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November 30, 2017 / jpschimel

Do Species Matter: responding to an op-ed by R.A. Pyron in the Washington Post as a piece of writing.

R. Alexander Pyron just published an op-ed in the Washington Post arguing that we don’t need to protect species from extinction.

Many, unsurprisingly, are criticizing this piece on grounds that span from ethics to practicality. I want to evaluate it differently: as communication. Writing and rhetoric. The writing is lively and engaging; Dr. Pyron uses words well. But the core of a piece of writing is its structure and argument.

Dr. Pyron’s argument is predicated in the ethical/philosophical belief that “The only creatures we should go out of our way to protect are Homo sapiens.” One can disagree with this belief and one can be appalled by it, but one can not challenge it on scientific grounds—it’s a belief.

Instead, consider the logic of the argument that Dr. Pyron develops from that predicate. When I consider issues of writing, story structure, and even the ethics of scientific communication, I see failures in all areas.

In Writing Science I place the ethics of science central to developing a “good” story. On page 9 I pose the question “Is seeing science writing as storytelling professional or not?” I develop this by noting that “To tell a good story in science, you must assess your data and evaluate the possible explanations.”

On page 139, I state this more explicitly:

“Also remember, you are a scientist — it is not your job to be right. It is your job to be thoughtful, careful, and analytical; it is your job to challenge your ideas and to try to falsify your hypotheses; it is your job to be open and honest about the uncertainties in your data and conclusions.”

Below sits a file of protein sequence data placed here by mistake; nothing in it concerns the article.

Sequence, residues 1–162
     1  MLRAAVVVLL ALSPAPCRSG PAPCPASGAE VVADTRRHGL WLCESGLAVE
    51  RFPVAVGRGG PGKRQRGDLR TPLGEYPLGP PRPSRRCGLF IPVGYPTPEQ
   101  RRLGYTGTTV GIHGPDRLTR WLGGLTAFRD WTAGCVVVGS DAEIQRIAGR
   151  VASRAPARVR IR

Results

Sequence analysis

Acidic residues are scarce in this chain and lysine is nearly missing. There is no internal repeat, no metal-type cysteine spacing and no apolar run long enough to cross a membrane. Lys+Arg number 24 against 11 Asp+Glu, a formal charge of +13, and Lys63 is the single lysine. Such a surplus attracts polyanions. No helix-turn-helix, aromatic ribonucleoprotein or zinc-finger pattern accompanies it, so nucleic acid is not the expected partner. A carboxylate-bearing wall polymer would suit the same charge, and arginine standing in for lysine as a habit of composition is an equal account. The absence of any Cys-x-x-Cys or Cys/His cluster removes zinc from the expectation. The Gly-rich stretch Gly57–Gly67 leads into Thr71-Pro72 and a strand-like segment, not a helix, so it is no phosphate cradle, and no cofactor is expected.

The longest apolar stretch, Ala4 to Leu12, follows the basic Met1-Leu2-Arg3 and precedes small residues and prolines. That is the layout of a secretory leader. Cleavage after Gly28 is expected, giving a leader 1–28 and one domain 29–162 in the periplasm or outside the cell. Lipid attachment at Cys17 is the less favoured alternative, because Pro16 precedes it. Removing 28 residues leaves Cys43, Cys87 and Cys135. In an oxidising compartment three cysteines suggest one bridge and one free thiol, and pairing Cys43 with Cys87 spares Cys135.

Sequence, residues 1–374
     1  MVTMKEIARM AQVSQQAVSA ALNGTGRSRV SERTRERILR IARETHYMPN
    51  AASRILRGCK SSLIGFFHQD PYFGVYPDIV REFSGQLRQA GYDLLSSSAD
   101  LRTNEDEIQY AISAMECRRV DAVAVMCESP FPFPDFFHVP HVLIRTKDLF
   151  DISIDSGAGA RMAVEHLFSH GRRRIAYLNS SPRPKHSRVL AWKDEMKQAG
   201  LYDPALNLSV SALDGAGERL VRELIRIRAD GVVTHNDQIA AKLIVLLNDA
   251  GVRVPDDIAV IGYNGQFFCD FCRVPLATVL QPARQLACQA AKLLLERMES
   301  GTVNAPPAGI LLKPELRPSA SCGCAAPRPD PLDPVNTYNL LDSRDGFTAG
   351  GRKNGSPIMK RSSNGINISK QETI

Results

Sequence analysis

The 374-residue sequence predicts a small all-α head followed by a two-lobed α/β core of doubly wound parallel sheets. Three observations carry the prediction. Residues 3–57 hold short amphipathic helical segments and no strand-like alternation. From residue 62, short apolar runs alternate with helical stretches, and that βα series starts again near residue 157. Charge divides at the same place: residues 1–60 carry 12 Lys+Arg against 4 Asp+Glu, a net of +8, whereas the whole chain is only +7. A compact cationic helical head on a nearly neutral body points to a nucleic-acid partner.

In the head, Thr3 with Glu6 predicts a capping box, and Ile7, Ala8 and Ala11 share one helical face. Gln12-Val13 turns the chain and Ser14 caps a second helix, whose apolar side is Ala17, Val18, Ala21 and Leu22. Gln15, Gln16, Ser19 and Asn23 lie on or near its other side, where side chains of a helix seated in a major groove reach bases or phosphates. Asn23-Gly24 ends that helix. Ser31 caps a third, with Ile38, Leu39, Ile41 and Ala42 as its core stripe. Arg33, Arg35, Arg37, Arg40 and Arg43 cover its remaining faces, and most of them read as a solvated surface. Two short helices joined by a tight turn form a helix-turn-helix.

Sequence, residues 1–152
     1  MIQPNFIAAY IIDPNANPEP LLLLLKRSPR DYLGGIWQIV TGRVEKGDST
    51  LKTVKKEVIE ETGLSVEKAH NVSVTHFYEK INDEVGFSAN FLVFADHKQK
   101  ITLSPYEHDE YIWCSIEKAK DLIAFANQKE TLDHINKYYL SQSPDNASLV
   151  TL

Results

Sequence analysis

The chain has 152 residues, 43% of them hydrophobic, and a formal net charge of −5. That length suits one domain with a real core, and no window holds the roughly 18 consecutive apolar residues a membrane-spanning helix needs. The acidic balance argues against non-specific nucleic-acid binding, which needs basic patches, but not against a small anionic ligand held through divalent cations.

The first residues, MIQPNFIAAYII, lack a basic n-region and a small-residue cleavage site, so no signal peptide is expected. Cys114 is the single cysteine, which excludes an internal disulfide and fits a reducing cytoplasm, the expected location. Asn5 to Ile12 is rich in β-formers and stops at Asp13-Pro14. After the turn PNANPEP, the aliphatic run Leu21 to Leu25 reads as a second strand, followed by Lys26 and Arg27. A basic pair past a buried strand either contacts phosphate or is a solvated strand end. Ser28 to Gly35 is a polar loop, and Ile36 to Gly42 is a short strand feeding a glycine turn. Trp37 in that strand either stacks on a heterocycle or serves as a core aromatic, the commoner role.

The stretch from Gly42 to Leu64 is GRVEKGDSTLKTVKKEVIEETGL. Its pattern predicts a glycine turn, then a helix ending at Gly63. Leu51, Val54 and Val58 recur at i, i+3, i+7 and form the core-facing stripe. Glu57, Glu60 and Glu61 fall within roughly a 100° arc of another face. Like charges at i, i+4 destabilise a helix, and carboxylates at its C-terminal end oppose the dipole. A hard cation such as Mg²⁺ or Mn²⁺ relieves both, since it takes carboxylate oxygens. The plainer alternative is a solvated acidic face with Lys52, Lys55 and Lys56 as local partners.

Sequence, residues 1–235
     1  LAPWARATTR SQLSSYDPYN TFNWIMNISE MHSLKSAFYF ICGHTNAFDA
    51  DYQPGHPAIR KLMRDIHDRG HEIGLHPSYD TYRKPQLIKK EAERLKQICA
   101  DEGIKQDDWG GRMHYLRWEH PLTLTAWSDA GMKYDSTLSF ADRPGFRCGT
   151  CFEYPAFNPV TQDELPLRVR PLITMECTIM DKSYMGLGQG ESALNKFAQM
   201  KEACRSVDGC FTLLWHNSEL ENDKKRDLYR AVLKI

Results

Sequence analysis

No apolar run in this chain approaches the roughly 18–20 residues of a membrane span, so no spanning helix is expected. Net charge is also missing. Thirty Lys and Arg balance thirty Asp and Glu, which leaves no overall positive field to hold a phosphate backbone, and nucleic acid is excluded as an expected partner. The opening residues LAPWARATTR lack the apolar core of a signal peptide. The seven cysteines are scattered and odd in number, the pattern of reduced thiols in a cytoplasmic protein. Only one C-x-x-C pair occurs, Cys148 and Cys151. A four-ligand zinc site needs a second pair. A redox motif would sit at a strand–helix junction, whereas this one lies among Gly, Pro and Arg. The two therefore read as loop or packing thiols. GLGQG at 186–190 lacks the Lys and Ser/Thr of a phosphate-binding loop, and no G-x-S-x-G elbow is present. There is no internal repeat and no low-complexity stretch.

So, let’s evaluate Dr. Pyron’s argument as a piece of writing and assess whether he did this—did he live up to his responsibility to be “thoughtful, careful, and analytical”? Certainly there are a number of fundamental truths in what he wrote:

Extinction happens—some species were already doomed to extinction in the near
Planet Earth will continue and will “recover” from the current mass extinction: over
millions of years, biodiversity will recover and “The Tree of Life will continue
branching, even if we prune it back.”
Not all species have a vital role in the functioning of ecosystems. Some biodiversity is
functionally redundant.

But, Dr. Pyron makes an important statement when he says:

“All those future people deserve a happy, safe life on an ecologically robust planet, regardless of the state of the natural world compared with its pre-human condition.”

I accept that ethical predicate. Yet, it creates a crack in his argument, and that crack is based in both science and rhetoric. It focuses on the question: How do we provide those future people “an ecologically robust planet”?

Our understanding of how complex natural systems work is developing. It wasn’t many years ago that we thought the human gut microbiome was purely commensal—microbes lived within us but did nothing fundamentally beneficial for us; animals could live healthily with a sterile gut. How that understanding has changed! How then do we ensure “an ecologically robust planet” when our understanding of what that entails remains imperfect? We know that Homo sapiens depends on natural ecosystems to provide us with essential functions: food, fiber, water purification, and others; Dr. Pyron acknowledges this. But, we don’t actually know what we need to maintain those functions over the long term—centuries to millenia.

How to provide an ecologically robust planet to support Homo sapiens is the essential question at the heart of Dr. Pyron’s piece. Yet, he offers neither an answer nor even a direction as to what that means!

Without a hint of an answer, the op-ed comes across as someone trying to assemble a complex device and ending up with some spare parts left over that they don’t understand, yet then stating confidently: “I’m sure these are unnecessary.”